Beloit is the unwilling poster child for sex offender release reform.
HATS OFF TO BELOIT Police Chief David Zibolski for telling it like it is on a state plan to release a potentially dangerous sex offender from La Crosse County into the city.
"I think it's an egregious application of the law and I think it endangers our community," Zibolski told the Beloit Daily News. "This is insulting to our community."
It is all that and more.
It also is clear as day the Beloit area's legislators - Rep. Mark Spreitzer, Rep. Amy Loudenbeck, Sen. Janis Ringhand and Sen. Steven Nass - need to set aside political differences and do something about it.
HERE'S THE CONDENSED version of why Zibolski and many Beloiters feel ignored and imposed upon by the scheduled release of Steven M. Schuelke, who is set to be relocated at 2219 Euclid Ave. by the Wisconsin Department of Health Services.
Schuelke was convicted for crimes in 1993, 2003 and 2006 for forcing himself on multiple victims, including two under the age of 16. The property where he is to be placed in Beloit is near another home where a minor resides.
State law would not permit Schuelke to be placed there if he was classified as a "serious child sex offender."
But he's not - only because prosecutors gave him a deal to plead guilty to reduced charges.
Obviously, that deal doesn't make Schuelke any less dangerous to vulnerable individuals with whom he could come into contact. The very fact he has been convicted of multiple offenses separated by several years suggests Beloiters have good reason to worry.
LOOK, WE GET IT. People who go away to prison, in the vast majority of cases, are not going to stay there forever. That goes for sex offenders, too. Eventually, they get out and have to go somewhere.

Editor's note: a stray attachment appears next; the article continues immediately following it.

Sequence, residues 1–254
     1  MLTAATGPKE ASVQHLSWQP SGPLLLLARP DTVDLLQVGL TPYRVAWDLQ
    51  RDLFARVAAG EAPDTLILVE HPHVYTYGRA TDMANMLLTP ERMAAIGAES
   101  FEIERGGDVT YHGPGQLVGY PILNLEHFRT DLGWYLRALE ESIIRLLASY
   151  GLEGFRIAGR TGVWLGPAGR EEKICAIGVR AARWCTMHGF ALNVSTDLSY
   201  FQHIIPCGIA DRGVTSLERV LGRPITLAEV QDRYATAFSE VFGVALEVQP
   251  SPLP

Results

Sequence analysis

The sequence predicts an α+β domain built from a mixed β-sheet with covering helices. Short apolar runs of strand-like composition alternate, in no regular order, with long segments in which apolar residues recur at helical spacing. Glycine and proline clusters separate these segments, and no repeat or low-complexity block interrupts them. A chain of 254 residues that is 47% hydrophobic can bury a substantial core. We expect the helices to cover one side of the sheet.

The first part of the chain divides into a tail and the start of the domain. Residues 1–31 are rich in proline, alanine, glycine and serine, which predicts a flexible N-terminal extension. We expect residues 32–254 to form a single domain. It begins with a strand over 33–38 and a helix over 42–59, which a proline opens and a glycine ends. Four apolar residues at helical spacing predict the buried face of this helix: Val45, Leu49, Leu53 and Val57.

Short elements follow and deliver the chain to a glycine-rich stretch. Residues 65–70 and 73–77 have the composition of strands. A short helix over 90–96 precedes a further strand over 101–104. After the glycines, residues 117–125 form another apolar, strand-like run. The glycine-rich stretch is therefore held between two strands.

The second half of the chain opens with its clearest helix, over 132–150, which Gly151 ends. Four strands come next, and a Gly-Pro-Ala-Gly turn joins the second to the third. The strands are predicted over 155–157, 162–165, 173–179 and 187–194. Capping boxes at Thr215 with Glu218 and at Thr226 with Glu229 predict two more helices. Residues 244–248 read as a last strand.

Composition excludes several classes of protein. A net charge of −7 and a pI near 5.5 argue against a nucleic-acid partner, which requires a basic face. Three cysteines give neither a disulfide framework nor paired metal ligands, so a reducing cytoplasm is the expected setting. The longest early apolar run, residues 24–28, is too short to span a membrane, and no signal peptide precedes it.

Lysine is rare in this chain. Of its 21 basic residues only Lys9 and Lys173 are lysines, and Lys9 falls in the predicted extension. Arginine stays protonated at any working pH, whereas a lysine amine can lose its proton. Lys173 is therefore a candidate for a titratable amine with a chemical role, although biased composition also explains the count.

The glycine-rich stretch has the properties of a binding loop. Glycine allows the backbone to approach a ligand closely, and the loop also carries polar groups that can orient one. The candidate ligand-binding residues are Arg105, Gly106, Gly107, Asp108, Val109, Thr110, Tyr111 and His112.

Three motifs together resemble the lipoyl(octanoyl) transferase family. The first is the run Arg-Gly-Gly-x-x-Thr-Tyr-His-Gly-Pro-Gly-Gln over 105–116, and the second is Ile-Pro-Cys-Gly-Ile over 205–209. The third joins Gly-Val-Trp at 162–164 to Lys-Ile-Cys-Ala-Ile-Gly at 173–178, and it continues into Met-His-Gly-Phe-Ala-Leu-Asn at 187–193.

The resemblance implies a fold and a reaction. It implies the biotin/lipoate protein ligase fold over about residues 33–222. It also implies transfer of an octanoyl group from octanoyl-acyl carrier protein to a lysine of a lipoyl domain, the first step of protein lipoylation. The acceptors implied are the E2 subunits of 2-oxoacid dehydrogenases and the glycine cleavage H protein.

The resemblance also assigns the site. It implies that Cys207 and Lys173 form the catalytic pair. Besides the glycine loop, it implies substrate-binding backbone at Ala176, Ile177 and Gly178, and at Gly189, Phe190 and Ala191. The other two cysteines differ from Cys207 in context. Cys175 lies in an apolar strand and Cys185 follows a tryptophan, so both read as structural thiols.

And it's not like Beloit is off-limits territory. The community currently has more than 200 registered sex offenders living here.
But each case is different and there should be more consideration of circumstances that could create safety hazards for neighbors and citizens in a community. We believe Zibolski is right to be outraged. If not for a plea deal this particular offender would not be coming to Beloit, and neighbors would not have him to worry about.
Likewise, the heavy hand of the state is objectionable. Essentially, the state comes into a community, dumps off a problem, and tells local folks who protest, "too bad, so sad." The idea that authorities here and neighbors have no say in the matter smacks of Big Government at its worst.
BY ALL INDICATORS, Beloit is going to have to live with Steven M. Schuelke. The levers of power are in others' hands.
So we challenge the people who are supposed to be representing us in the Wisconsin Legislature. Do your job. Don't let this happen again, here or anywhere else.